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SmashTheState's avatar

What would be the effect of a lobe-swap?

Asked by SmashTheState (13347points) 1 week ago

The first human head transplant was completed in 2017, which means it is either now or will be soon possible to transplant lobes of the brain.

Currently, one of the treatments for severe, life-threatening epilepsy is a lobectomy, in which fully one half of the brain, an entire temporal lobe, is surgically removed. This is not only survivable, it has surprisingly little effect. This is due to the plasticity of the brain, which is capable of rewiring itself on the fly and adapting to new conditions or routing past damage, and even reassigning parts of the brain to perform new duties.

My question is, what do you believe the effect would be of removing one lobe of your brain and swapping it with that of someone else? There is every reason to believe that the brain is capable of adapting to such a situation, at least physically. What I’m curious about is what the psychological and possibly spiritual effect would be.

Would you become one body with two minds, each with their own separate identity? One of the less traumatic treatments for epilepsy than lobectomy is severing the corpus colossum, the major connection between the two lobes of the brain, and this has been known to produce some… interesting effects, such as alien hand syndrome.

On the other (alien) hand, you have cases like Abby and Brittany Hensel, conjoined twins with two heads who share a single body, and there is evidence that each of them can feel the other’s thoughts, at least on an unconscious level. This suggests that there might be two identities but with deep fundamental overlap, each identity merging seamlessly into the other so that there’s no discrete line separating where one stops and the other begins.

The third option would be the total melding of both identities into something entirely new, an identity which combines both previous identities and leaves nothing of the originals. We often see this kind of thing happen with major strokes, where insult to the brain results in major shifts in personality, talents, and even languages in the person affected.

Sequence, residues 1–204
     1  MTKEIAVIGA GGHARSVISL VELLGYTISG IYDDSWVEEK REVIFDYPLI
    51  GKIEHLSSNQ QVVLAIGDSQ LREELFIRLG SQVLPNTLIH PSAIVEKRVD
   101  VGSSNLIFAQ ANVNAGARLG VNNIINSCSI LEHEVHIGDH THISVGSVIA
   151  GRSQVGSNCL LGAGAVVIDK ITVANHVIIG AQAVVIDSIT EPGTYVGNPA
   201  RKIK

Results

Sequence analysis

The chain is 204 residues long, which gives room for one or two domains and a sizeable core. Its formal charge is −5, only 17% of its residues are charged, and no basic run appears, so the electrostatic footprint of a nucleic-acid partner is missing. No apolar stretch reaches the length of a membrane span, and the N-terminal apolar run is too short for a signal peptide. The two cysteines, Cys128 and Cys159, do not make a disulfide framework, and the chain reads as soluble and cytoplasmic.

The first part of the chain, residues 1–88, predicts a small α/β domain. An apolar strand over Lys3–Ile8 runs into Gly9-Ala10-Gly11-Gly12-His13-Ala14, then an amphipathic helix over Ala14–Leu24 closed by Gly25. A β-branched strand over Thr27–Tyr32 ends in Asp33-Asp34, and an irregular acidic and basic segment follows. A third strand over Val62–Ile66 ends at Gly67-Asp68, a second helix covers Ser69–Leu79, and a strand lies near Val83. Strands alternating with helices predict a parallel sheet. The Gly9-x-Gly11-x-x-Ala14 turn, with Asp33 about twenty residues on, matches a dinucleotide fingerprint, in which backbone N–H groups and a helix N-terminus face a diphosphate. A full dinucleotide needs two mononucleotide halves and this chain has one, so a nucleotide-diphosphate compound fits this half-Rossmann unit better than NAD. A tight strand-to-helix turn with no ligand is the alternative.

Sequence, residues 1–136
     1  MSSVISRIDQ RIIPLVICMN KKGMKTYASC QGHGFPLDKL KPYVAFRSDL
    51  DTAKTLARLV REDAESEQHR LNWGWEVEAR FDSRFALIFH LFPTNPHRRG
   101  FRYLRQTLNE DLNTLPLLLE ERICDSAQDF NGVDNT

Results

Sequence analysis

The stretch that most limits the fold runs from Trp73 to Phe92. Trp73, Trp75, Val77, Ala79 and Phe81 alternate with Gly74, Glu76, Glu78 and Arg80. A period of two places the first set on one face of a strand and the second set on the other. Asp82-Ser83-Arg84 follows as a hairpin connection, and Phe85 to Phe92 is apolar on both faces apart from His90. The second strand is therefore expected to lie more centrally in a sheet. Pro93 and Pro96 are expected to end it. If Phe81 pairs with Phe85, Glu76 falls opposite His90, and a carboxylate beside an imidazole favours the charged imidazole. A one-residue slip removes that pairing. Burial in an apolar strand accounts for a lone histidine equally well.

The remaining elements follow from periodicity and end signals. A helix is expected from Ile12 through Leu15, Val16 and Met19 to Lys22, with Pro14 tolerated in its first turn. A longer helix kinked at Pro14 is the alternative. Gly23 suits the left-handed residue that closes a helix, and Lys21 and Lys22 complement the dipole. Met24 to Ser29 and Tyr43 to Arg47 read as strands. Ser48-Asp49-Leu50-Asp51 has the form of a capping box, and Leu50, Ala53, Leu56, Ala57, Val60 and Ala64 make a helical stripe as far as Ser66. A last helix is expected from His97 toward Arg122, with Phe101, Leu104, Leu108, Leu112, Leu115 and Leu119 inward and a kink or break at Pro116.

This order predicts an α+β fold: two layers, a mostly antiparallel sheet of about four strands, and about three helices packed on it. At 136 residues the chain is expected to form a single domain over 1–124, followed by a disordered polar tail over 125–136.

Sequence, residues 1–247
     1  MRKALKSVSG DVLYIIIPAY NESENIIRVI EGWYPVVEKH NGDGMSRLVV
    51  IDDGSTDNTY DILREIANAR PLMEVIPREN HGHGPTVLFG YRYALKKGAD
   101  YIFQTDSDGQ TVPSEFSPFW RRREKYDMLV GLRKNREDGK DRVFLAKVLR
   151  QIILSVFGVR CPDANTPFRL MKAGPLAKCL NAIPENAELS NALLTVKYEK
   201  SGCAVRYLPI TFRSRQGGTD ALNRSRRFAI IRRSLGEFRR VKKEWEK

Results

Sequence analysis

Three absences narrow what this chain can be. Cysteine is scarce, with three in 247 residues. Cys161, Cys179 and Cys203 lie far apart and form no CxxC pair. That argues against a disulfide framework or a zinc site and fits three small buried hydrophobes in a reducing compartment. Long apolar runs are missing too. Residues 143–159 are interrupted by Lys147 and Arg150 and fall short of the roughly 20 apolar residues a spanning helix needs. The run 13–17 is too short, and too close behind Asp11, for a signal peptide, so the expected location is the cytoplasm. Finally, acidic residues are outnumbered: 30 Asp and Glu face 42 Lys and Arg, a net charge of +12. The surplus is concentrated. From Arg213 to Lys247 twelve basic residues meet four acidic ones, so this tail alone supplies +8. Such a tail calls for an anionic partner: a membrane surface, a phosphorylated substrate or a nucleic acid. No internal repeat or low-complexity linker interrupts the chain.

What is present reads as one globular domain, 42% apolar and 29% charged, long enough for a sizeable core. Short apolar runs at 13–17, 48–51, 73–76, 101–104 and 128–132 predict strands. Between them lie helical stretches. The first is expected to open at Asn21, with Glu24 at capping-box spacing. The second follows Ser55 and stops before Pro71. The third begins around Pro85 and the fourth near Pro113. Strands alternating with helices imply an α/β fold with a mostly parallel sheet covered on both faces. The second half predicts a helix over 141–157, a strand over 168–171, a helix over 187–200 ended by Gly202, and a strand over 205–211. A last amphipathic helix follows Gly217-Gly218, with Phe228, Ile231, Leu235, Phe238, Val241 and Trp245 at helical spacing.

Another possible outcome would be total dysfunction. Chaos and complete obliteration of both identities, unable to handle such extreme conditions.

Given your own understanding of neurobiology, psychology, philosophy, and theology, what do you believe the effect would be?

As a bonus question, assuming it was a full swap—that is, person A gets a lobe from person B, person B gets a lobe from person A—do you think the effect would be necessarily identical for both individuals?

As a bonus bonus question, would the resulting person have one spirit or two? If two, and if this case was a swap as in the question above, then we now have four spirits where we originally had two. Where did they come from? And would these spirits assume the sins of the previous identities after death, or would they get a clean slate?

As a bonus bonus bonus question, how would the law regard such a person? Assuming one of the people involved in the swap had committed a crime, would either of the people, both, or neither now be guilty of the crime?

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11 Answers

MrGrimm888's avatar

It’s a very thought provoking question. I took anatomy/physiology, in college, and worked in several medical environments, in different capacities. But… I feel extremely unqualified, to even attempt to give an answer, other than one that I wouldn’t like.

The only way to get solid information, would be human trials. The results could vary widely. There could be vastly different results, for each experiment. Some, could be beneficial, and some could be catastrophic, as you eluded.

I did read an article about the head transplant. I recall many experts opining that it would be far too complex, with current technology. If memory serves, it was to be performed in China, or by a Chinese doctor. I was unaware that it had actually been a success. I will attempt to research the procedure’s results. Then, perhaps I can offer a better contribution…

ARE_you_kidding_me's avatar

If it were possible and we could connect all of the senses back I’d be inclined to think it would be like two people sharing the same body. There would be two conscious beings, like conjoined twins. If we can connect the lobes back together then I think things would get interesting. It would probably kill them both.

flutherother's avatar

I can’t see it ever being practical to transplant half a brain into another skull. There are millions if not billions of connections that would have to be made to connect the two lobes and to connect the transplanted lobe to the body. Assuming it were possible the effect might be similar to psychological problems such as schizophrenia that occur in malfunctioning brains. As for crimes the only crime would be that of the surgeon who carried out such an operation.